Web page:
Similarly, the far-right Nawa-e-Waqt came up with front-page coverage of the death of the Jamaat-e-Islami rapist-mass murderer. Like The News and Jang, it cited that all over Pakistan, people protested the killing and offered funeral prayers for the man (Read: In its editorial Nawa-e-Waqt wrote, “This is not what happens in civilized societies” (Read: What about the rape and murder of hundreds of thousands of Bengali men and women? Certainly that was a hallmark of a civilized army and its Deobandi-Salafi supporters.

But it were the Deobandis columnists who truly cried foul in support of the rapist-mass murderer. For instance, Ajmal Niazi, a right-wing columnist and conspiracy theorist, claimed an Indian conspiracy behind the hanging. Holding Hasina Wajid responsible for the hanging and calling her a stupid woman, he dubbed the hanging “a shameless affair”. He went on raving and demanding, “Pakistan must not sit silent over the hanging and act. Otherwise it will cowardice on our part” (Read:

Another columnist, Nawaz Raza, said, “The death of Abdul Quader saddened Pakistani politicians. In the National Assembly and the Senate, legislators were a picture of gloom and sadness over the cruel act of the Bangladesh government’s hanging of the man who fought for the existence of Pakistan” (Read:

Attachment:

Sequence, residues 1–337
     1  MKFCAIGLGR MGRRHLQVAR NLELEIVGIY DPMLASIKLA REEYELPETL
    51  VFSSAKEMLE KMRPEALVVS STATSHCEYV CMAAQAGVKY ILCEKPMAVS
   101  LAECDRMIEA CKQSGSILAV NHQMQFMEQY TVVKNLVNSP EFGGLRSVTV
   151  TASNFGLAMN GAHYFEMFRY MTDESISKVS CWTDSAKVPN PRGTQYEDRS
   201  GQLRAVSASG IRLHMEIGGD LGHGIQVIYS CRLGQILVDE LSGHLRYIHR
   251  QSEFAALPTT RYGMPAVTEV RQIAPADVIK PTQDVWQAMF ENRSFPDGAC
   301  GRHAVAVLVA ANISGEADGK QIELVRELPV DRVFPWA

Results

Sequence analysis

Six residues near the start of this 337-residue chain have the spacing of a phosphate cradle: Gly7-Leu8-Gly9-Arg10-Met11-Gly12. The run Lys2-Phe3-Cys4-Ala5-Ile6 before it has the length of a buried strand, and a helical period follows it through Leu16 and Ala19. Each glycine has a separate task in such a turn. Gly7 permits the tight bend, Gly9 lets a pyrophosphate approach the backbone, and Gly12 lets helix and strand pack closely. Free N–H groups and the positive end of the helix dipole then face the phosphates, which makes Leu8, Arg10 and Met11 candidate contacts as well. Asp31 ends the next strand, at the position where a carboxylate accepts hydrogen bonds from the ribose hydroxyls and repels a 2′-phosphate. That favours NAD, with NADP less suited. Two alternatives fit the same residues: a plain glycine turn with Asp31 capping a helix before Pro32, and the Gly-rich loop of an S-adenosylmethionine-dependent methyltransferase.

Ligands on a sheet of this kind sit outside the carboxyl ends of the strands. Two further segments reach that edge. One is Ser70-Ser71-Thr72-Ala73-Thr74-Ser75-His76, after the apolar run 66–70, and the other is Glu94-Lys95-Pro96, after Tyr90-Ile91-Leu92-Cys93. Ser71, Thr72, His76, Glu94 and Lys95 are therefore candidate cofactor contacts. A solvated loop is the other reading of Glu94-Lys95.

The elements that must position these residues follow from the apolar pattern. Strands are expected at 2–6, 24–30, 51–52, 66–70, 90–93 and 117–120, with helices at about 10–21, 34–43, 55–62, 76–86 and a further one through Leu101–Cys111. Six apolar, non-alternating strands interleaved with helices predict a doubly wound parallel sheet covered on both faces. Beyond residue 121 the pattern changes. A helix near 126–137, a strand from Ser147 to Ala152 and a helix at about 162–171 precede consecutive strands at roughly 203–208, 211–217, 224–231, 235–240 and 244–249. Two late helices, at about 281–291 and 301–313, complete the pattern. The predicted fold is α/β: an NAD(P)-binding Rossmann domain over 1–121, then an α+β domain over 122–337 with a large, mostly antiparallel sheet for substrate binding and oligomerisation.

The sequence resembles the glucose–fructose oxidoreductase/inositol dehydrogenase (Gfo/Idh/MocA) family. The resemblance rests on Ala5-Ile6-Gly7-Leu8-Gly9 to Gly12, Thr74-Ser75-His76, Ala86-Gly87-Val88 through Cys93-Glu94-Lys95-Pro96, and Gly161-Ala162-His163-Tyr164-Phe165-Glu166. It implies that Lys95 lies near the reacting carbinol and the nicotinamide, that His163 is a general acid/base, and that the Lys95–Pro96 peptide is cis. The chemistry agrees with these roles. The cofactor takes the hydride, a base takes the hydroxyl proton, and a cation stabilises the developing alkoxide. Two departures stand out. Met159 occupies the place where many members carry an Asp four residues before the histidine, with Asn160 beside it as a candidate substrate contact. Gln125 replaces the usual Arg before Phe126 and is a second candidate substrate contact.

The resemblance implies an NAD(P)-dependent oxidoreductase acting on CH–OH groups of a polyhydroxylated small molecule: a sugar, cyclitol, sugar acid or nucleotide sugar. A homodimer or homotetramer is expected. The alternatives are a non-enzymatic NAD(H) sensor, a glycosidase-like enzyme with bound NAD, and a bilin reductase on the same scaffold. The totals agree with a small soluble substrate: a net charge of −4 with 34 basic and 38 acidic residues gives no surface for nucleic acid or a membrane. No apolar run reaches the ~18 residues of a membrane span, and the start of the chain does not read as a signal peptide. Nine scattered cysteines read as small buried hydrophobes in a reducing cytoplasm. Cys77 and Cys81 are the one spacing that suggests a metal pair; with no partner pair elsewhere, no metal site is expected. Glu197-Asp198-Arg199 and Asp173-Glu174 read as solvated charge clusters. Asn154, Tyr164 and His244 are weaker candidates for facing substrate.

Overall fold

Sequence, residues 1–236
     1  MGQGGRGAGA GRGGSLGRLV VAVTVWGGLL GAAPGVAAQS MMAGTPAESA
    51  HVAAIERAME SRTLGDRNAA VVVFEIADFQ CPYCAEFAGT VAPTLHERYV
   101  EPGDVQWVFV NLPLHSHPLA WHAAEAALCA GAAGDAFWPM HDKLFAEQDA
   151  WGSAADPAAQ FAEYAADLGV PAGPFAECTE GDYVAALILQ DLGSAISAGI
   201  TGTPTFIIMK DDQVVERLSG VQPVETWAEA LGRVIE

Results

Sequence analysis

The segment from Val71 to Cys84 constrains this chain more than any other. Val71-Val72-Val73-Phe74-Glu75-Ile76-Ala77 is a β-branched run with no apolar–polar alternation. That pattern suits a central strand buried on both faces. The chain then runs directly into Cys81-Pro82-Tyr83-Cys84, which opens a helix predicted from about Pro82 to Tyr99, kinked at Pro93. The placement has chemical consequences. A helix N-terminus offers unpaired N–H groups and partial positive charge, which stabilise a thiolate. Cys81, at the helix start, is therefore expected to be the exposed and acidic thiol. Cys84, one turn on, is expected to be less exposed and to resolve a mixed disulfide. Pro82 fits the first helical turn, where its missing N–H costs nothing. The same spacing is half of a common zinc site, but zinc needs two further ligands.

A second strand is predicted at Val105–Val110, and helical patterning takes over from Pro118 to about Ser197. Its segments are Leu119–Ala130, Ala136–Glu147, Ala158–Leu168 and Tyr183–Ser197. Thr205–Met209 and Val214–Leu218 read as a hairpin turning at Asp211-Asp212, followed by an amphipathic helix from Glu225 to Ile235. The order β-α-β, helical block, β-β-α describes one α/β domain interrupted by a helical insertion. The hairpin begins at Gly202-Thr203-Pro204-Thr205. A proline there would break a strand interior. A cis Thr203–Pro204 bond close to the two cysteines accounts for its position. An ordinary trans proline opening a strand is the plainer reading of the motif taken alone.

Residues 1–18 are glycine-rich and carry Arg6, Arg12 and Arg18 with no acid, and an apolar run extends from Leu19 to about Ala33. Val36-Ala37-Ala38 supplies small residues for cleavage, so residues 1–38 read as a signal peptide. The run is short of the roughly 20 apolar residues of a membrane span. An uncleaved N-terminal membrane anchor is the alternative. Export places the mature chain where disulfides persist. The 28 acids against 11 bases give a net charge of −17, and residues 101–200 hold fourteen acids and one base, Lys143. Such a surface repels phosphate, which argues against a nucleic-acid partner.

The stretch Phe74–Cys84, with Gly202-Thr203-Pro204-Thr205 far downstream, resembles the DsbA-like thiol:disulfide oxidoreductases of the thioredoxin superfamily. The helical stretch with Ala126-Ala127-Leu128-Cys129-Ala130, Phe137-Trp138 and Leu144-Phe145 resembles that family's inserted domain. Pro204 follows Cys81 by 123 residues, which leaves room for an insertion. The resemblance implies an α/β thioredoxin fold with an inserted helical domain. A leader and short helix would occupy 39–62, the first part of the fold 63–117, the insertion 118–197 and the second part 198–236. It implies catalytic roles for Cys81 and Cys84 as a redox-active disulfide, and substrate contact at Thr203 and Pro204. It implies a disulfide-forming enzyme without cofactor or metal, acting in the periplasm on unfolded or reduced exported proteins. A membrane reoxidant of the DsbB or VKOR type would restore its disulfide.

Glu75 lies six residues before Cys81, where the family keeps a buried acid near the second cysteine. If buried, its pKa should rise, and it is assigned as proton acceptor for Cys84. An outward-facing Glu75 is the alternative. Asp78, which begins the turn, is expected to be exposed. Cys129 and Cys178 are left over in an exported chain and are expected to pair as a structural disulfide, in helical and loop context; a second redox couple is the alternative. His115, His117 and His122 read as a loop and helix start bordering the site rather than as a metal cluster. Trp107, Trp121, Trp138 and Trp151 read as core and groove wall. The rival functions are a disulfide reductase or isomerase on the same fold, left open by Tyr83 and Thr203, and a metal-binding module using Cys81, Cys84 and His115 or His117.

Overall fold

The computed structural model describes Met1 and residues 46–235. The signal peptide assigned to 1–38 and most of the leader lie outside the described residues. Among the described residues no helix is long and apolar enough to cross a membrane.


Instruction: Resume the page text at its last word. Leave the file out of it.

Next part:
But it was two infamous Takfiri-Deobandi journalists who shed tons of crocodile’s tears. Oraya Maqbool Jan, the most infamous Takfiri-Deobandi journalist, wrote a column on Abdul Qader Mulla’s hanging which can be considered a landmark in the history of journalistic absurdity. It is a must-read column which is comprised of voodoo history, alchemy, and necromancy. Only a separate editorial, indeed a research paper, can deal with. But we would cite just one claim he makes, “On account of Pakistan’s having been hijacked by certain elements, not many eyes in the country have shed tears on the hanging. Those eyes which are not shedding tears on the death of those who sided with the Pakistan army, will not shed tears for those who have supported the Pakistan army in Baluchistan and Swat” (Read:

Another Deobandi columnist, Khalid Masood Khan, used extremely flowery Urdu to mourn the hanging of Abdul Quader calling it “a heart-rending death of the man who was hanged by a kangaroo court for being a support of the Pakistan army and the Two Nation Theory” (Read:

Scores of examples can be given showing how Pakistan’s Deobandis have reacted to the hanging of a mass murderer. The point is: No Takfiri-Deobandi has said a word about the hundreds of thousands of innocent Bengalis killed for their ‘crime’ which was their just and legitimate demand to live as free people. Pakistan’s National Assembly led by Nawaz Sharif’s Pakistan Muslim League, an ally of Sipa-e-Sahaba (ASWJ) and the Taliban (TTP), offered prayers for the rapist-mass murderer. It is the same Takfiri-Deobandi mindset which has allowed the massacres of Shias, Sunni Barelvis, Ahmadis and Christians in Pakistan. This mindset has no respect for human rights and people’s right to self-determination. The only evil the Takfiri-Deobandis see is the opponent who happens to have a different view than theirs.